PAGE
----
Friday, April 11, 2008

Ancistrodon cochlearis mortifera

Beaked Snake Species Hope for Plague Rodent Cull

Marthel Ivgrin at Eldorado Springs, Colorado
for National Geographic News
April 8, 2008

This is the fourth story in a continuing series on the Limbless Predators Project.

“The Platypus of the Prairies” is the joking moniker given by US Fish and Wildlife officials to this pitviper, one of the planet’s few beaked Ophidians. The joke is that the spoonbilled copperhead (Ancistrodon cochlearis mortifera) is naturally a desert dweller—although many desire its presence in the grassier parts of America’s heartland.

With its appetite limited to rodents, the spoonbilled copperhead has an advantage over other snakes when raiding the burrows and warrens of its prey: its seven to nine inch-long, tong-like bill, impervious to claws and teeth, can grasp the fiercest quarry with little or no hazard to the assailant. Once the victim is adequately clamped in the broad front sections of the mandibles (the “spoons”) so that it can no longer struggle, the snake’s thick, strong tongue lashes out, snaring the rodent like a lasso and dragging it toward the mouth. Only then do the waiting fangs envenom the prey.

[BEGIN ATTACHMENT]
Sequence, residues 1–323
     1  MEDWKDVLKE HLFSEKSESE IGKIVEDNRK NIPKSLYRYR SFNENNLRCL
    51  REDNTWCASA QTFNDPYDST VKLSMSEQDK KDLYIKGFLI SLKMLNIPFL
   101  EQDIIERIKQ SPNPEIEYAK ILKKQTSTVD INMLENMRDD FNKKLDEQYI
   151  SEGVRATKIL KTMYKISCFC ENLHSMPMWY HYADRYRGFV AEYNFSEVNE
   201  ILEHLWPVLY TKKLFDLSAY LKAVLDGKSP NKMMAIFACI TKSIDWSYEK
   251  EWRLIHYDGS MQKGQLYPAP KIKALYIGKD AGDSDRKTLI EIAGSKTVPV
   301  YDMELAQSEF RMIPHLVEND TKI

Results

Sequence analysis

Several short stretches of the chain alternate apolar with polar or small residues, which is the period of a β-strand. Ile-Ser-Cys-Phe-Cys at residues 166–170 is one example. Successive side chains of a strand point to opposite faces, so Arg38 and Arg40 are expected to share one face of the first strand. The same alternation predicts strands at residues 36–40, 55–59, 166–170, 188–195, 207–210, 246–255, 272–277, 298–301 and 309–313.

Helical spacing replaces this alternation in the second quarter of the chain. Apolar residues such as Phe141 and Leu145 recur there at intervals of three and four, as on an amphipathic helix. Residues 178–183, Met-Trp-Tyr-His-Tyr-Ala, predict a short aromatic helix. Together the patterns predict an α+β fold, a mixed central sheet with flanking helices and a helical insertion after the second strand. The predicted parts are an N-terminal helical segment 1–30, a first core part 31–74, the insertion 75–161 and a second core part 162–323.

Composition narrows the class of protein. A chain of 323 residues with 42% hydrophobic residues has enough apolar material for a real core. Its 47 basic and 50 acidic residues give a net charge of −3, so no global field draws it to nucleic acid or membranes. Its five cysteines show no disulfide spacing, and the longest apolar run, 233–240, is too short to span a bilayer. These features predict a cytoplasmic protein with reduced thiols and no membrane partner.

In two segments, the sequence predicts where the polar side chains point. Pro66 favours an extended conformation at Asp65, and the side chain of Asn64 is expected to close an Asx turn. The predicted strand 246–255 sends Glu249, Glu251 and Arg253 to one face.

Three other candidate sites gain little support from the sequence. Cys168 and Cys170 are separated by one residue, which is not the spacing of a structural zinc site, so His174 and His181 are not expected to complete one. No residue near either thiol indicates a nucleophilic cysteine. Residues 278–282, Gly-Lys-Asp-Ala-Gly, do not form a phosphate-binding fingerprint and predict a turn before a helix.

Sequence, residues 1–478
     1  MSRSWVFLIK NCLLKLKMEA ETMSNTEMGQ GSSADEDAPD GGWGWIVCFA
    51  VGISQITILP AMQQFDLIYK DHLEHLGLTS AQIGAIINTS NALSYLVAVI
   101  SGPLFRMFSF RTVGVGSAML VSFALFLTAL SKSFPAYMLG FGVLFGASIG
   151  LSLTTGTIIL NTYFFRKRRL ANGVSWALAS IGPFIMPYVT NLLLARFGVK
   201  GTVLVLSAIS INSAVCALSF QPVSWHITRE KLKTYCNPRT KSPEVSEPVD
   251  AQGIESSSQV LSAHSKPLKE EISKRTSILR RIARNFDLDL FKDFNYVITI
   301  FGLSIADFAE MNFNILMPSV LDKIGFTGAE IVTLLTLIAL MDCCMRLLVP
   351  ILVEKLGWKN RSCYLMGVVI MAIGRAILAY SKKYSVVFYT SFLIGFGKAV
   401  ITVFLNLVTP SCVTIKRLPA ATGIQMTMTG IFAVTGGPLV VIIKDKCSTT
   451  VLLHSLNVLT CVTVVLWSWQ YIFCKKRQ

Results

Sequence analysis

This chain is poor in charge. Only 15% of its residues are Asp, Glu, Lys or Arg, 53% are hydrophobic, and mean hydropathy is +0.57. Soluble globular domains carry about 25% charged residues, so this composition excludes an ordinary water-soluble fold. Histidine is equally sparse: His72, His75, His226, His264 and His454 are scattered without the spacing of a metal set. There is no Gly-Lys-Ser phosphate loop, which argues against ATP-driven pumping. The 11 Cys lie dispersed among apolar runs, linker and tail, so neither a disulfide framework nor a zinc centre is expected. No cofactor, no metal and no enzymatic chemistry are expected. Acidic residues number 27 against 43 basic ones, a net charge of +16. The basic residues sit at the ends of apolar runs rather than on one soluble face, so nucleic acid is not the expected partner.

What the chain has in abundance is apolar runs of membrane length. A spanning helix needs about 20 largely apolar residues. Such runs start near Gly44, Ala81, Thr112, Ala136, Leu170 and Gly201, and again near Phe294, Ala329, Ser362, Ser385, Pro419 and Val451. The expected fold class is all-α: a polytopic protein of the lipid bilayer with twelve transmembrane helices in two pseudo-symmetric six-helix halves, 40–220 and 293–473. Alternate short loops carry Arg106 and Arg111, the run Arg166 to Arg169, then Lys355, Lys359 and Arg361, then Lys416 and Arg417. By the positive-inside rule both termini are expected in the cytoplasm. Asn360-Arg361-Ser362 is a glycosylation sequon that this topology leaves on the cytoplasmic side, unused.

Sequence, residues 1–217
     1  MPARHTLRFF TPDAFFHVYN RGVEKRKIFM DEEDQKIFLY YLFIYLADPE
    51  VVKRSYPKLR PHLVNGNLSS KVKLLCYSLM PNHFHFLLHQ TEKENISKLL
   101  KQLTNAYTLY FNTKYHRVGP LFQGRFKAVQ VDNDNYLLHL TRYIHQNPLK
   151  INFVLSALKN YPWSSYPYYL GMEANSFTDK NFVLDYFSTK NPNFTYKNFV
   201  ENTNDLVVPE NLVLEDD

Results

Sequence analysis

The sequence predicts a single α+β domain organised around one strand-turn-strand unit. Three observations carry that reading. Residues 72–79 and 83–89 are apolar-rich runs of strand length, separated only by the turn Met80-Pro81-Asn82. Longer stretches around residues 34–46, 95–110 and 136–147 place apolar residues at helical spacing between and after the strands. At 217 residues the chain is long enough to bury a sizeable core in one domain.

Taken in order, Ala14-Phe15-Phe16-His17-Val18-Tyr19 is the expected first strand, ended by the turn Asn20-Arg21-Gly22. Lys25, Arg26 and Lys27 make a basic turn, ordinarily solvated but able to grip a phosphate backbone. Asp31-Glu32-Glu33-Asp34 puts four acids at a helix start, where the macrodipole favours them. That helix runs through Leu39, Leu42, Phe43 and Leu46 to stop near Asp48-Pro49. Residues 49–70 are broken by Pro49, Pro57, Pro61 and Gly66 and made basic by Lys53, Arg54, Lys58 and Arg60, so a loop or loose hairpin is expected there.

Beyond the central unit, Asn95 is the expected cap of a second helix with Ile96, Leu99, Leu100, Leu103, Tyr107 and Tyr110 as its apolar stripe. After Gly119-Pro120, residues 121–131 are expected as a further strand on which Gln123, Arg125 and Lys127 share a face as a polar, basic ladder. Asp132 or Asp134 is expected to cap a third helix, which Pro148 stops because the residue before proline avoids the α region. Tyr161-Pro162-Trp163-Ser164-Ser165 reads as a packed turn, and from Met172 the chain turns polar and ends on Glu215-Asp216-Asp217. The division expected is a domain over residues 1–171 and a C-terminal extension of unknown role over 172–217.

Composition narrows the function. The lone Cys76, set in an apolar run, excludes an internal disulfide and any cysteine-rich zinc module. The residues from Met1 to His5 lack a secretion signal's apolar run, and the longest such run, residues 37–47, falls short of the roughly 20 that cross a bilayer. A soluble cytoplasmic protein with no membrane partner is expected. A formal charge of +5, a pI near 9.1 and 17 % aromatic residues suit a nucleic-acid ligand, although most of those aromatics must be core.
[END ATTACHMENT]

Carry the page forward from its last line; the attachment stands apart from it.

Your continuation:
The venom is the weakest of any copperhead’s, but it can still cause hemorrhaging, swelling, nausea, gangrene, and possibly, if untreated, death.

Many experts see the spoonbilled copperhead as the ultimate solution to the recurring problem of bubonic plague-infected prairie dogs in Colorado, Kansas and other Midwestern states. The US Fish and Wildlife Service has already approved a plan to relocate several spoonbilled copperhead families to the next confirmed prairie dog plague zone. “They’re so specialized in their feeding habits,” says Shelly Ditmars, an environmental specialist for the Boulder County Health Department. “That’s what’s so great about them. If we put a batch of spoonbilled copperhead in the direct vicinity of the prairie dog burrows, they’ll go right to work.” What’s more, these snakes are immune to the bubonic plague and will not spread it to other animals. Nor will their presence cause a perilous drop in the prairie dog population, which renews itself quickly.

Needless to say, residents, hikers and tourists visiting these designated areas will be cautioned not to allow their pets to run free, and very small pets will be prohibited altogether.